#OscarsBlackAF: My Thoughts on the 2017 Oscar Nominations

The 2017 Academy Award nominations were announced on Tuesday, and I was too lazy to post my thoughts on them at the time. But I’m ready to do so now. Leggo.

First, this year’s crop of nominees is clearly the most diverse Oscar has ever seen. For the first time in history, people of color have been nominated in every acting category in a single awards year. Also, Moonlight‘s Barry Jenkins scored nominations for Best Director, Best Adapted Screenplay, and Best Picture — a trifecta never before achieved by a Black filmmaker.

This year’s awards are so diverse that we could honestly say #OscarsBlackAF. Continue reading “#OscarsBlackAF: My Thoughts on the 2017 Oscar Nominations”

Photo of the Week: Mimosas

There’s really not much of a story to go along with this one. I was having brunch at one of my neighborhood haunts, The General Greene, and I’d been out and about taking photos with my Lomo LC-A 120.

The LC-A 120 is a fantastic camera: It’s a compact lightweight medium format camera, and it takes magnificent photos. It’s pretty much the medium format equivalent to the legendary Lomo LC-A+.

Continue reading “Photo of the Week: Mimosas”

Why I Enjoyed “Moonlight” and “La La Land,” 2016’s Best Films

The two best films of 2016 won big at Sunday night’s Golden Globes ceremony: Moonlight and La La Land.

I found both movies to be profoundly touching and transcendent — not to mention exhilaratingly entertaining. And both films hit me in ways that were completely surprising.

Continue reading “Why I Enjoyed “Moonlight” and “La La Land,” 2016’s Best Films”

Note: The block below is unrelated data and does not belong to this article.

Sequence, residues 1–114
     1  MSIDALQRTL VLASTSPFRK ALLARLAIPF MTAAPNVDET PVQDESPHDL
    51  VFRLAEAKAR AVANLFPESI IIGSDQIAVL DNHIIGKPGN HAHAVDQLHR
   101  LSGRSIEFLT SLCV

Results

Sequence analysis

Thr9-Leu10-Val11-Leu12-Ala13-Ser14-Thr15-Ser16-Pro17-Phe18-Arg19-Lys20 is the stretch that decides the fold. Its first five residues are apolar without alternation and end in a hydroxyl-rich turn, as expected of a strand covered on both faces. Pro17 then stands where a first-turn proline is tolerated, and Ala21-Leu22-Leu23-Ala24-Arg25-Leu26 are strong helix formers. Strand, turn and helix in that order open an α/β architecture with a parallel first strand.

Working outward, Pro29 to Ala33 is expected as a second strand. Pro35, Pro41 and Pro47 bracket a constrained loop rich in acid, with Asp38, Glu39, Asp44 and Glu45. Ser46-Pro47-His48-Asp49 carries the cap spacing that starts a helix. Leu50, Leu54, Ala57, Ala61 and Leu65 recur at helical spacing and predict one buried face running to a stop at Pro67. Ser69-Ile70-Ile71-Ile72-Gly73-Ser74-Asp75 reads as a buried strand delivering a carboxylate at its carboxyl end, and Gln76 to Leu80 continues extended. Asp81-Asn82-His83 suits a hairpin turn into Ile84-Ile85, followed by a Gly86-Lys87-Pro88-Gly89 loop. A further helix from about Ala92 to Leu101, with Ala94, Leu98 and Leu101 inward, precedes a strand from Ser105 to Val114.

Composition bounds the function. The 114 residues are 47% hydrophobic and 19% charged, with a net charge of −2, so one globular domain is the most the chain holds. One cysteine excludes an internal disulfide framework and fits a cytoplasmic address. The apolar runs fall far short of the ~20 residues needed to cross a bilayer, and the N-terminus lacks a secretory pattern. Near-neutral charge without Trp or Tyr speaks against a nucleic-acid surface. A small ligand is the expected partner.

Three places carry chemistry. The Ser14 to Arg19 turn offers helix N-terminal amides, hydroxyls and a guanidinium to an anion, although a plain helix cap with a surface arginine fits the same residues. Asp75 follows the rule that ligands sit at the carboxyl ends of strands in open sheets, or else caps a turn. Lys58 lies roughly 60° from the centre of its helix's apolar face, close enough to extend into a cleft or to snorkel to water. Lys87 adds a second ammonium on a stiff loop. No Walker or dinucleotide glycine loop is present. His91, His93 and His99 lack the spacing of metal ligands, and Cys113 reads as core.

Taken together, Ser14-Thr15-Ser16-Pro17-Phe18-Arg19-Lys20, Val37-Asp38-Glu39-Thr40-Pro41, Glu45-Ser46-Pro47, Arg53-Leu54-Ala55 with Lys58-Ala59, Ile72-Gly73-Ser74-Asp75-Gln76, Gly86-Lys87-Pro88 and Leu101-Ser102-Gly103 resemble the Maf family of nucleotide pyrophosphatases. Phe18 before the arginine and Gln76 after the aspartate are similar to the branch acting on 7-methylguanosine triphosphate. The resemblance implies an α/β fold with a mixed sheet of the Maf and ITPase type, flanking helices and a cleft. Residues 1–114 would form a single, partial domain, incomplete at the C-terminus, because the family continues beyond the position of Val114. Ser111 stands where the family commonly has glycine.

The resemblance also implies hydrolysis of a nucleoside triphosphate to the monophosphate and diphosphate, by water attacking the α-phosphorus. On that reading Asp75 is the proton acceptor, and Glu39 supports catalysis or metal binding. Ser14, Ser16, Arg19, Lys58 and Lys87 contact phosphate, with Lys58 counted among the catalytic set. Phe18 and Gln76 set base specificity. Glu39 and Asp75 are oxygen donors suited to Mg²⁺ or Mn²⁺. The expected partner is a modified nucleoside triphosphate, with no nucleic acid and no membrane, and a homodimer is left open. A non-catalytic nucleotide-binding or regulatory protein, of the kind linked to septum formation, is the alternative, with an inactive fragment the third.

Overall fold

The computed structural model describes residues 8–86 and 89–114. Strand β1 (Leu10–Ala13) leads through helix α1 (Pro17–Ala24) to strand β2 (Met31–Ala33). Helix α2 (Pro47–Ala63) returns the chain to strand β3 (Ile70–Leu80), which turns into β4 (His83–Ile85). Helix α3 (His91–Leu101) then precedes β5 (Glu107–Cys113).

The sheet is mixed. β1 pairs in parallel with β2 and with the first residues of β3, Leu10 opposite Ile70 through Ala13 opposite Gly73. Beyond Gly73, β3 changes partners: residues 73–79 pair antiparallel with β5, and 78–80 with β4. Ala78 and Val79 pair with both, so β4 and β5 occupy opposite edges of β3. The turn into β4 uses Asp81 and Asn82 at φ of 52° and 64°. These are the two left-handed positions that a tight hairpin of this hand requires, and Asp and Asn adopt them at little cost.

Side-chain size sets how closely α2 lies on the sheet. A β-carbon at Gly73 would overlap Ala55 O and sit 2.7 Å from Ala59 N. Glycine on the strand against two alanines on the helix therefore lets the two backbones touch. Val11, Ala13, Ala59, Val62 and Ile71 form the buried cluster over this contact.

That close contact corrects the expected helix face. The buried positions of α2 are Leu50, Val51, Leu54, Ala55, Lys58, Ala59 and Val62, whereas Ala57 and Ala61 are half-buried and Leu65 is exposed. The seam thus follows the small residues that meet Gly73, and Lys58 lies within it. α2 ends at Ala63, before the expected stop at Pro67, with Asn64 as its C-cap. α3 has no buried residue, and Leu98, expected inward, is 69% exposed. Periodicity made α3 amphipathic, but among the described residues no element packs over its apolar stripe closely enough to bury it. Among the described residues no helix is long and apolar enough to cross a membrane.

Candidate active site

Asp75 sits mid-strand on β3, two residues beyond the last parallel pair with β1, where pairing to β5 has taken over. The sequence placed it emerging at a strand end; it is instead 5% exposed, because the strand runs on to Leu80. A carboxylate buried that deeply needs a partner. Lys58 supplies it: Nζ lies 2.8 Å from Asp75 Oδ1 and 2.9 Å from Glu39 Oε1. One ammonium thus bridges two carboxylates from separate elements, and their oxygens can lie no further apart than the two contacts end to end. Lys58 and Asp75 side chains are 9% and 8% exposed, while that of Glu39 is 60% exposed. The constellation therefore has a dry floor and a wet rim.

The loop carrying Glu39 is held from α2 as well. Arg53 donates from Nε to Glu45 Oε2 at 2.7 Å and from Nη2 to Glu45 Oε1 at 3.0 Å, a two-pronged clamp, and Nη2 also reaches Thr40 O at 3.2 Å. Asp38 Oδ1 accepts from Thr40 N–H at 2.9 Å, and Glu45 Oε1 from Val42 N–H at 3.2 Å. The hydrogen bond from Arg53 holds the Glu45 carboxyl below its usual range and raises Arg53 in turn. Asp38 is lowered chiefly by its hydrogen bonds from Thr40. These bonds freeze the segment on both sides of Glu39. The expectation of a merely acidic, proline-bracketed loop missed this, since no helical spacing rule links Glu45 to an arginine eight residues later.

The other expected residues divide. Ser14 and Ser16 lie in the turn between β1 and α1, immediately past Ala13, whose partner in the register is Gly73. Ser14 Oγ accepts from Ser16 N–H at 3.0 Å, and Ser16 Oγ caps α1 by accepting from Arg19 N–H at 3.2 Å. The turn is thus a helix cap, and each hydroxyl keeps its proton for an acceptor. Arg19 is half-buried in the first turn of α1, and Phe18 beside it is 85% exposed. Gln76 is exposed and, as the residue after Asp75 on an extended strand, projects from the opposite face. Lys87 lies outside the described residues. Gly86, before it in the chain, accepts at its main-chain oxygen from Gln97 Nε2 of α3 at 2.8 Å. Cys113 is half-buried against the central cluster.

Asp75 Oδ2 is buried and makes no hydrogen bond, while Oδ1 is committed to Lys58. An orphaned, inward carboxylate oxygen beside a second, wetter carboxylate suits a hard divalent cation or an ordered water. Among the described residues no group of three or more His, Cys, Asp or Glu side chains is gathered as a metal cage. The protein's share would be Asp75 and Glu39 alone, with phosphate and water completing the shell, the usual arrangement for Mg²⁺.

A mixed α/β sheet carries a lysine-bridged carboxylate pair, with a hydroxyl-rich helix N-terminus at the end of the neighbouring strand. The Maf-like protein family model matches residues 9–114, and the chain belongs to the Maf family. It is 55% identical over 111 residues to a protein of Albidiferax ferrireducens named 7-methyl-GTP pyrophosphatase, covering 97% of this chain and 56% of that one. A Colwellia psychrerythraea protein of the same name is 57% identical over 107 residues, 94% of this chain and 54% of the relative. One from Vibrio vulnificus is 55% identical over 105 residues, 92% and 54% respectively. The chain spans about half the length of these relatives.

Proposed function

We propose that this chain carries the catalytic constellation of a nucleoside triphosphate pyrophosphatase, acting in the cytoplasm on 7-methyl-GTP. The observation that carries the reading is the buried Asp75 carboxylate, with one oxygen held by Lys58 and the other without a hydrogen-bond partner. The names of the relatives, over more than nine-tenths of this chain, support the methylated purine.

Photo of the Week: Morgan Camera Shop

This photo of a now defunct camera shop was taken during my trip to Los Angeles last year. I was staying in the middle of Hollywood, and passed this building on my various jaunts.

Why it captured my attention, I don’t know. But apparently I’m not alone. A cursory Google search will bring up other people’s photos, plus history lessons on the building. For instance, this little tidbit from the Los Angeles Conservancy:

Though the design of the two-story vernacular building has been attributed to Modernist architect Rudolph Schindler, the original permit lists Marshall P. Wilkinson as the architect. Wilkinson was known primarily for his residential work in Los Angeles.

The building’s distinctive signage appears to have been heavily influenced by the Bauhaus School, which taught the unification of art, craft, and technology. It reveals the important role that commercial signage played in Hollywood’s development, juxtaposing materials, icons, and scales to attract passing motorists.

I also posted a black and white photo on Instagram, which got a decent amount of likes.

Picture that. #Hollywood #JFxxLA #jfxxxvi

A photo posted by Jay Fingers (@jayfingers) on


The next time I’m in L.A., I think I’ll take another photo, but with a different camera or film format.